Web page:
Turnbull’s extraordinary Trump spray
DONALD Trump is the leading climate change denier in the world, former prime minister Malcolm Turnbull says.
Mr Turnbull has again weighed into the climate debate, prompted this time by the US president labelling environmental activists "prophets of doom".
"He uses the politics of fear when it suits him and essentially Trump is the leading climate denier in the world," Mr Turnbull told the BBC on Wednesday.
"He's leading the most influential nation in the world and is actively working against global action to reduce emissions."
Mr Trump has used a speech at the World Economic Forum in Switzerland to warn against "pessimism" without once using the words "climate" or "global warming".
“Trump is the leading climate denier in the world.”— BBC Newsnight (@BBCNewsnight) January 21, 2020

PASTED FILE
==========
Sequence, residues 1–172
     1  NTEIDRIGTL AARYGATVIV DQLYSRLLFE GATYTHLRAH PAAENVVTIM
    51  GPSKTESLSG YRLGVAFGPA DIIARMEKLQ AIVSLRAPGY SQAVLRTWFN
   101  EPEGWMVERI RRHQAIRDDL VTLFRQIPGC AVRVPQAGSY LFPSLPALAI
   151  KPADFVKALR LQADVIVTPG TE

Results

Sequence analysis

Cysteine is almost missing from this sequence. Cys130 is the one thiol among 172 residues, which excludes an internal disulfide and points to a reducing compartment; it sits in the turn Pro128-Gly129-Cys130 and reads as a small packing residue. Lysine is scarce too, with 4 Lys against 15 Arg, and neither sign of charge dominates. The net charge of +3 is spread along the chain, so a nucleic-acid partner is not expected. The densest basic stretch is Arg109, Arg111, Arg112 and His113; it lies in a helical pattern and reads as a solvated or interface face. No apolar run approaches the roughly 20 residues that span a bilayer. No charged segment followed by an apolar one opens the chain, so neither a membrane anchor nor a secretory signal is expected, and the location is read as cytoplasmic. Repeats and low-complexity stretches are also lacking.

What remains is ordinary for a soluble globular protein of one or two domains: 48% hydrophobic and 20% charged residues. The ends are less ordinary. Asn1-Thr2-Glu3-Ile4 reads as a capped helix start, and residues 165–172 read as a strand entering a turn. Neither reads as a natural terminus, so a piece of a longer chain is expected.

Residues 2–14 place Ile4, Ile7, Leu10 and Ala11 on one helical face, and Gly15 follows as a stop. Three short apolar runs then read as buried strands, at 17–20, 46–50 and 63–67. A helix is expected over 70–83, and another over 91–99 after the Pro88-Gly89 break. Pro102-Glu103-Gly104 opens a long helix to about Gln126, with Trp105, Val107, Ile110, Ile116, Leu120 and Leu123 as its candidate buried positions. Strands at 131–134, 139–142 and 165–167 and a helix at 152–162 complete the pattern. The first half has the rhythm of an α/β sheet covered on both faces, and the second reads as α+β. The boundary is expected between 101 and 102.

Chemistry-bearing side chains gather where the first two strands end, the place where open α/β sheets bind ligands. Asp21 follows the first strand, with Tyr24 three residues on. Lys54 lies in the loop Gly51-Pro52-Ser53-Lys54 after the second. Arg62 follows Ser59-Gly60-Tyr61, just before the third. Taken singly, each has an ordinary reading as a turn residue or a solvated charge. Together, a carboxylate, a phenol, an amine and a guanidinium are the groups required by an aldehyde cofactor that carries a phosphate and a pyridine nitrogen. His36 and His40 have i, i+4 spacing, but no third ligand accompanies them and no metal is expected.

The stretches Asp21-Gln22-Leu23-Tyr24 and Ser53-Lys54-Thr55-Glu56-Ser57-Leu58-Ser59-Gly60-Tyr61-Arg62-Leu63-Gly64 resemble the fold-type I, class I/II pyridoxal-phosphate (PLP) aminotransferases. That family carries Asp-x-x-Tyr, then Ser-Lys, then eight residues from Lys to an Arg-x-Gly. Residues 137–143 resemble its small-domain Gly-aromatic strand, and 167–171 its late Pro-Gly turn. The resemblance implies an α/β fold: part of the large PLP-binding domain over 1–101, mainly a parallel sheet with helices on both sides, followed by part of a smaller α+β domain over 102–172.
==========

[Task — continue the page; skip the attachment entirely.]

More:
Malcolm Turnbull, former Australian prime minister, says the conversation around global warming has turned into an ideological issue when it’s just a question of physics @TurnbullMalcolm | #Newsnight pic.twitter.com/38HBTrhufh
"This is a time for optimism. Fear and doubt is not a good thought process," he said.
"To embrace the possibilities of tomorrow, we must reject the perennial prophets of doom and their predictions of apocalypse."
Mr Turnbull says the climate change debate is simply one of physics, but has been overrun with ideology.
"The fundamental problem that we face - in the United States in particular and also in Australia - this issue of global warming, global heating, has been turned into an ideological issue or a values issue," he said.
"The more greenhouse gases you pump into the atmosphere the more of the greenhouse effect you get, the warmer the planet gets and the consequences we are living with.
"Hotter, drier climate, longer and more droughts, fiercer and more fires."
Mr Trump has begun the process of removing the US from the Paris agreement, a global pact to try and reduce emissions in order to curb climate change.
Australia remains committed to the Paris target of reducing emissions by 26 to 28 per cent on 2005 levels by 2030, but plans to use credit from past agreements to achieve about half the goal.